October 4, 1796
I would have liked to have dined with you today, after finishing your essay – that my eyes, and lips, I do not exactly mean my voice, might have told you that they had raised you in my esteem. What a cold word! I would say love, if you will promise not to dispute about its propriety, when I want to express an increasing affection, founded on a more intimate acquaintance with your heart and understanding.
I shall cork up all my kindness – yet the fine volatile essence may fly off in my walk – you know not how much tenderness for you may escape in a voluptuous sigh, should the air, as is often the case, give a pleasurable movement to the sensations, that have been clustering round my heart, as I read this morning – reminding myself, every now and then, that the writer loved me.
Voluptuous is often expressive of a meaning I do not now intend to give, I would describe one of those moments, when the senses are exactly tuned by the ringing tenderness of the heart and according reason entices you to live in the present moment, regardless of the past or future – it is not rapture – it is sublime tranquility.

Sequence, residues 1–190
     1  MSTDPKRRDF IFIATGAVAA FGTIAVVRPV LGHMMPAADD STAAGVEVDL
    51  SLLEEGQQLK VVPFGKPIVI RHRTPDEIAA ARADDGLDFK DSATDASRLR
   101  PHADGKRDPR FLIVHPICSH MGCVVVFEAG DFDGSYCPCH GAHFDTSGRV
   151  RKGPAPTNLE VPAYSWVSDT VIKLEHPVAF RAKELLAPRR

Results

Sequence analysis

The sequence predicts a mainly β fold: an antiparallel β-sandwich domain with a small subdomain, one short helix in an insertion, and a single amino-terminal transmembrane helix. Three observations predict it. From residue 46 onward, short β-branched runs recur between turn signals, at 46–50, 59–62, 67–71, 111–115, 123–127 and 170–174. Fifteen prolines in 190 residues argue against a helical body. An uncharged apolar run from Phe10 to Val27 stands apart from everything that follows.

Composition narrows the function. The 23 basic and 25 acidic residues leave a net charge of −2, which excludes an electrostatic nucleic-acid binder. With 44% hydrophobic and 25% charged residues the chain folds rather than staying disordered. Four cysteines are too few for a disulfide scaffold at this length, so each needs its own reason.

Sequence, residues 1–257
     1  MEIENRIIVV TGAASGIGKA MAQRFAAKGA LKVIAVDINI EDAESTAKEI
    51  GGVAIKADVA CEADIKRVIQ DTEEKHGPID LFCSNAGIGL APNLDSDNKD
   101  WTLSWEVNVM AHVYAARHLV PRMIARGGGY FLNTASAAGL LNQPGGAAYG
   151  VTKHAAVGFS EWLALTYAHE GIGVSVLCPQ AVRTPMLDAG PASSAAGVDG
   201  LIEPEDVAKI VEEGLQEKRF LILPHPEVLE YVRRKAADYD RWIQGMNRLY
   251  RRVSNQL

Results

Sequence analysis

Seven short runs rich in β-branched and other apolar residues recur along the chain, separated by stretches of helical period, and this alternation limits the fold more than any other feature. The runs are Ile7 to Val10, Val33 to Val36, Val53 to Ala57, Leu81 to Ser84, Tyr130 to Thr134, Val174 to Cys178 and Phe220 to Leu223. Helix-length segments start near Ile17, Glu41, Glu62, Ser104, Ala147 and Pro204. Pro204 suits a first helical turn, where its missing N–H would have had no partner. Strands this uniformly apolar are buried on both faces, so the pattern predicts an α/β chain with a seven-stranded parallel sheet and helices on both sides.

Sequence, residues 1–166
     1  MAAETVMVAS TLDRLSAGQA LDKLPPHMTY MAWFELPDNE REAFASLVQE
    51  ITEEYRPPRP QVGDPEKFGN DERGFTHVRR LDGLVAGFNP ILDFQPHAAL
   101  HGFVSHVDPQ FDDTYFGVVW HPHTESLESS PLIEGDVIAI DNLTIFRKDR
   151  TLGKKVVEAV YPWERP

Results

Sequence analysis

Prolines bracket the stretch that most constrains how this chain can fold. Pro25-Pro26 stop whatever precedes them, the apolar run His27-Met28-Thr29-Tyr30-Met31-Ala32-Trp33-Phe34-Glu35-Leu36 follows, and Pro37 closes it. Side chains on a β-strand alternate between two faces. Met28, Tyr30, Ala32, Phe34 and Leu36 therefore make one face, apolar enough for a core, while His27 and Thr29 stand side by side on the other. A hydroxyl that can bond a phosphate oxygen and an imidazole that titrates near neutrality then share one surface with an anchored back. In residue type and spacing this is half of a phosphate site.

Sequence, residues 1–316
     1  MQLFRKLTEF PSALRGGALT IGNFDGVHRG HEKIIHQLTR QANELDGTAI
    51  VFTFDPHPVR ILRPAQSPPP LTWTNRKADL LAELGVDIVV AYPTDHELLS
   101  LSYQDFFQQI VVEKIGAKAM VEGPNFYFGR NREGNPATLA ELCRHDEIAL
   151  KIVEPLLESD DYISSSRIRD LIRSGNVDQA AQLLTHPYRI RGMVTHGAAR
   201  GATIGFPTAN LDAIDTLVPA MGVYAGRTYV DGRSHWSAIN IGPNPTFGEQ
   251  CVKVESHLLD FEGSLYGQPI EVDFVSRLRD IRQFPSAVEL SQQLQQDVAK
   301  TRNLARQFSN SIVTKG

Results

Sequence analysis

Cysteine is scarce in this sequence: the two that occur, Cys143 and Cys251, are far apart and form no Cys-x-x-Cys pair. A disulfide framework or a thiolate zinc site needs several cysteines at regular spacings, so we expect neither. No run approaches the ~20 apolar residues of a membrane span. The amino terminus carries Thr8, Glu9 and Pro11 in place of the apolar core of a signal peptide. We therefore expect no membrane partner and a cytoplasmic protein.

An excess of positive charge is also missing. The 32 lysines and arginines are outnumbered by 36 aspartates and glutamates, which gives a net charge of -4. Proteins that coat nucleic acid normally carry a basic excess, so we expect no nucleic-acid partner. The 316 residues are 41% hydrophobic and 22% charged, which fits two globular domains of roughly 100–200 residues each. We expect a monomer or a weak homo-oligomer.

I have felt it in your arms – hush! Let not the light see, I was going to say hear it – these confessions should only be uttered – you know where, when the curtains are up – and all the world shut out – Ah me!
I wish I may find you at home when I carry this letter to drop it in the box, – that I may drop a kiss with it into your heart, to be embalmed, till me meet, closer.
Mary Wollstonecraft, Anglo-Irish feminist and writer, to William Godwin, philosopher and writer. She was recovering from her previous passion for Gilbert Imlay, who fathered her daughter, Fanny, and then abandoned her, after which she tried to drown herself in the Thames.
She married Godwin on March 29, 1797. She died later the same year, giving birth to Mary Godwin, who later eloped with the poet Shelley and was the author of “Frankenstein”.
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